The standard Rogue goes up to a 6-hybrid, while the oversized, Rogue X “super hybrid” goes up to an 8-hybrid. Similar to the Rogue X irons, the Rogue X hybrids have an oversized construction, a lighter overall weight, and longer lengths. The goal with these Rogue X hybrids is to create higher launching, more forgiving and longer hybrid options for golfers who need help getting the ball in the air.
Forum Thread of the Day: “Best driver for a short-hitting senior?”
Today’s Forum Thread of the Day comes from platgolf who is on the hunt for a driver suited to a senior player in the 240 yards off the tee category. Currently playing a Fusion 12-degree driver, platgolf is looking to change things up, and our members give their suggestions on the big-stick that could work best.
Here are a few posts from the thread, but make sure to check out the entire discussion and have your say at the link below.
- stmike: “I’m in the same “senior” hitting situation, and tried a couple of different new drivers last year. The one that gave me the most success is the Callaway Epic 10.5. But we all have different swings, and what works for others may not be for you.”
- Markrip: “Sounds like your experience with the F8 weren’t good. You should try the F7. I have one, and the ball goes a long way. It also has an extra weight port the F8 doesn’t, and it really helps keep the ball from going right. I don’t use it in that setting because it makes the ball go way left for me. It also has draw settings with the loft adjustments if you needed that.”
- CarolinaGolfer2: “Titleist TS1 10.5 with the Fubuki 45g shaft beats them all for me, and I’ve played or demoed them all. Titleist got it right with the weighting in this one. Usually, I can’t stand ultra-lite drivers. But this doesn’t feel too light, and I picked up 3 to 5 mph swing speed with it.”
- golftejas: “You might demo a Ping G400 Max at 10.5* if you get a chance … this is a higher-spin head, so you might find it provides enough spin to provide good stability/accuracy/height for your shots. I’ve found this head to be extremely forgiving with good shot heights for me. And if you loft-it-up 1* to play at 11.5*, the face will be a little more closed to help with any right-miss tendencies.”
Sebastian Munoz winning WITB: 2019 Sanderson Farms Championship
Driver: Ping G400 LST (8.5 @9 degrees)
Shaft: Project X HZRDUS Yellow 6.5
3-wood: Callaway Epic Flash (15 degrees)
Shaft: Project X HZRDUS Yellow
Irons: Ping i200 (3), Ping i210 (4-PW)
Shafts: Graphite Design Tour AD-DI Hybrid 85X (3), True Temper Dynamic Gold Tour Issue X100 (4-PW)
Wedges: Ping Glide 2.0 Stealth (50), Titleist Vokey Design SM7 sand (56, 60 degrees)
Shafts: True Temper Dynamic Gold Tour Issue S400
Putter: Ping Sigma 2 Valor
Ball: Titleist Pro V1
Grips: Golf Pride Z Grip Cord
Danny Willet’s winning WITB: 2019 BMW PGA Championship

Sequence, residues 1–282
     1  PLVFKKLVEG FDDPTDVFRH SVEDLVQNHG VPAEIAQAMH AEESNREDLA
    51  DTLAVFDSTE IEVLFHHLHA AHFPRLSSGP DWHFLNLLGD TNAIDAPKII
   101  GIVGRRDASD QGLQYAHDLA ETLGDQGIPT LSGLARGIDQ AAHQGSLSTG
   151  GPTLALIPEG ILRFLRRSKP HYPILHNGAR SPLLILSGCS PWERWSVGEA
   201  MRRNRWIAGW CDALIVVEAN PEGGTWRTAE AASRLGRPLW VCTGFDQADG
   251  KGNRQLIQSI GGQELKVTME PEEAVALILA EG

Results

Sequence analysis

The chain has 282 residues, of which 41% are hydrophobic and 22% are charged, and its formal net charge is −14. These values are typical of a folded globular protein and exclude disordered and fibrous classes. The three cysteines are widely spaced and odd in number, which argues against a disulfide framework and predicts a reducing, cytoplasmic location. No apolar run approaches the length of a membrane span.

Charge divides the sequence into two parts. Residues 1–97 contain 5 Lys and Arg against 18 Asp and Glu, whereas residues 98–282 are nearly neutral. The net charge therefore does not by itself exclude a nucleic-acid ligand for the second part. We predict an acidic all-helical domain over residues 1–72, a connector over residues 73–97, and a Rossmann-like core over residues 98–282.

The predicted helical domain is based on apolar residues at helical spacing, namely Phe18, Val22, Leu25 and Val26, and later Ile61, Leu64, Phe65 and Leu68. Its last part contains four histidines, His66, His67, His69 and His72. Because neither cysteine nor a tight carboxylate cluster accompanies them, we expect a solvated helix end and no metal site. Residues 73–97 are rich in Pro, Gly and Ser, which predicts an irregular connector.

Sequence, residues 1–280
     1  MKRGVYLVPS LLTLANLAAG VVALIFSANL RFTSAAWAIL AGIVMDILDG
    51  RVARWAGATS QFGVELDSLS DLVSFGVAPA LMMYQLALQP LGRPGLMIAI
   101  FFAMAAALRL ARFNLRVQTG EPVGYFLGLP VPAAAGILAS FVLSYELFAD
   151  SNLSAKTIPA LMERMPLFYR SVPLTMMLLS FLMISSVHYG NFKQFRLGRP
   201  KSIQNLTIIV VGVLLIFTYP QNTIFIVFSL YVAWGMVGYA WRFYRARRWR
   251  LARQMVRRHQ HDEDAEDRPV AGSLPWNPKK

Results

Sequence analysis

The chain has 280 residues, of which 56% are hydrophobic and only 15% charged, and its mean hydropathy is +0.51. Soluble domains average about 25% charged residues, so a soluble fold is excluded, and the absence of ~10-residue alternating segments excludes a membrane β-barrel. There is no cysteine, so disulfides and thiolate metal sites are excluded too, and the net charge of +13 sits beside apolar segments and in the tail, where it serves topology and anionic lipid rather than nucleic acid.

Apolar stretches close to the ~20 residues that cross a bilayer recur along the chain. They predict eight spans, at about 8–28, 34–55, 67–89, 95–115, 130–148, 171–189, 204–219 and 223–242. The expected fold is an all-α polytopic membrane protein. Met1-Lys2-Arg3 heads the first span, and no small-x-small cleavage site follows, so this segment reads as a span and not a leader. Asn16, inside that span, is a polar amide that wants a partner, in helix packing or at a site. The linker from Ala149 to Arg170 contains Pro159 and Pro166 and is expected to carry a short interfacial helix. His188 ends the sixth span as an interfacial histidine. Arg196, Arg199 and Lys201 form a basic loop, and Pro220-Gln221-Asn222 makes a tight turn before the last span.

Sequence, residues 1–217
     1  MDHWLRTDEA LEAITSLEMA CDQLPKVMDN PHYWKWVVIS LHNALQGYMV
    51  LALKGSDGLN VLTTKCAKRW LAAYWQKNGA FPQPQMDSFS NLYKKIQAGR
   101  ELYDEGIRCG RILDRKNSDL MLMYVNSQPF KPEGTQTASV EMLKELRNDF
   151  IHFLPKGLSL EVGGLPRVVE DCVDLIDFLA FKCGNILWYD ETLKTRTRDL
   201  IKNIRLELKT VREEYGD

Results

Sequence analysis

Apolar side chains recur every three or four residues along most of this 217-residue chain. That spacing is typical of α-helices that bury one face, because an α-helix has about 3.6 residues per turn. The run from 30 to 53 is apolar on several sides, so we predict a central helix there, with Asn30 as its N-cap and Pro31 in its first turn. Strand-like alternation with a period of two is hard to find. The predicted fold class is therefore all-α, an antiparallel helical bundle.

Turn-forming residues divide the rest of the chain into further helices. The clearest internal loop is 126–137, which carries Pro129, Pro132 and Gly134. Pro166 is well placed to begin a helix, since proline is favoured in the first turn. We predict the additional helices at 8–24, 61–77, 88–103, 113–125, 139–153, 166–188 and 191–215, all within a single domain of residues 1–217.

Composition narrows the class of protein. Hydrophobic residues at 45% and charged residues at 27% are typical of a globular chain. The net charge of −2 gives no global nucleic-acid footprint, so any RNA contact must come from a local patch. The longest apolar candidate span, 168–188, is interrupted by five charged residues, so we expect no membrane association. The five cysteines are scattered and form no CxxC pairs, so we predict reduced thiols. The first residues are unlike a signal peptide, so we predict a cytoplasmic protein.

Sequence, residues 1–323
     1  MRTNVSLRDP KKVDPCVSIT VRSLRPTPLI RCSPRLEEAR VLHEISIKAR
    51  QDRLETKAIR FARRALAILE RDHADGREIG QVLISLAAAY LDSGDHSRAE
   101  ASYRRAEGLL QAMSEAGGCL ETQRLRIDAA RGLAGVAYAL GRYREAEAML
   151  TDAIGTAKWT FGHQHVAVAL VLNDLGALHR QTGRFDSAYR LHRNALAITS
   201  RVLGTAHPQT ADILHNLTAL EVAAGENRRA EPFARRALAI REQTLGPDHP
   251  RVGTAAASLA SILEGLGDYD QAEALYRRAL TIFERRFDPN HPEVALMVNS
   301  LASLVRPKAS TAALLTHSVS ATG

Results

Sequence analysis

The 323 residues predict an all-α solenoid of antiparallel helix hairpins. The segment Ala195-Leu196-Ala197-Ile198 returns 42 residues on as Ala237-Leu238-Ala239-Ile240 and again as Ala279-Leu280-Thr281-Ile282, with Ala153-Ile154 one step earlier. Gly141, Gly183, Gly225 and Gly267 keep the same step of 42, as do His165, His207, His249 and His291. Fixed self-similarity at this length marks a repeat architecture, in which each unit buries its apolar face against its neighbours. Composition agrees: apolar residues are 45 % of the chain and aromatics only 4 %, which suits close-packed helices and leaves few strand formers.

Driver: Callaway Rogue (9 degrees)
Shaft: Mitsubishi Diamana DF 60X
3-wood: Callaway Rogue (15 degrees)
Shaft: Mitsubishi Diamana W 70X
Irons: Callaway Apex UT (18), Callaway X Forged (21), Callaway X Forged (5-9 iron)
Shafts: True Temper Dynamic Gold SuperLite X100
Wedges: Callaway Mack Daddy Forged (46 degrees), Callaway Mack Daddy 4 (50, 56, 60 degrees)
Shafts: True Temper Dynamic Gold Superlite X100
Putter: Odyssey Stroke Lab Tuttle
Ball: Callaway Chrome Soft X
Related to Danny Willett WITB
Best driver of 2019
Justin Thomas’ winning WITB: 2019 BMW Championship
Top 5 wedges of all time
Rory McIlroy’s winning WITB: 2019 Tour Championship
Top 10 most iconic driver and fairway wood shafts of all time
Patrick Reed’s winning WITB: 2019 Northern Trust
Titleist Left Dash Pro V1x is headed to retail
Phil Mickelson WITB
New 2019 TaylorMade P790 irons: Subtle changes improve a modern cult classic
How much each player won at the 2019 BMW PGA Championship
Last week saw the European Tour’s flagship event take place and with it the return to the winner’s circle of...
How much each player won at the 2019 Sanderson Farms Championship
The 2019 Sanderson Farms Championship provided the first playoff finish in almost a year on Tour, and it saw Sebastian...
The 6 best #GolfWRX photos on Instagram today (9.20.19)
In this segment, we’ll be taking a look at some of the best #GolfWRX tagged photos on Instagram. In case...
Details of ‘The Challenge: Japan Skins’ involving Woods, McIlroy, Matsuyama and Day released
The upcoming skins match in Japan involving Tiger Woods, Rory McIlroy, Jason Day and Hideki Matsuyama is set, with a...
Whats in the Bag3 weeks ago
Phil Mickelson WITB
Whats in the Bag3 weeks ago
Rickie Fowler WITB
Whats in the Bag1 week ago
Joaquin Niemann winning WITB: 2019 A Military Tribute at The Greenbrier
Equipment2 weeks ago
New for 2020, Callaway Jaws MD5 wedges boast more bite
Instruction3 days ago
Stickney: A dangerous trend is developing for top players
Tour Photo Galleries2 weeks ago
Interesting photos from A Military Tribute at The Greenbrier
19th Hole6 days ago
Callaway signs 17-year-old Akshay Bhatia to Tour staff; Akshay Bhatia WITB photos
Whats in the Bag1 week ago
Sergio Garcia winning WITB: 2019 KLM Open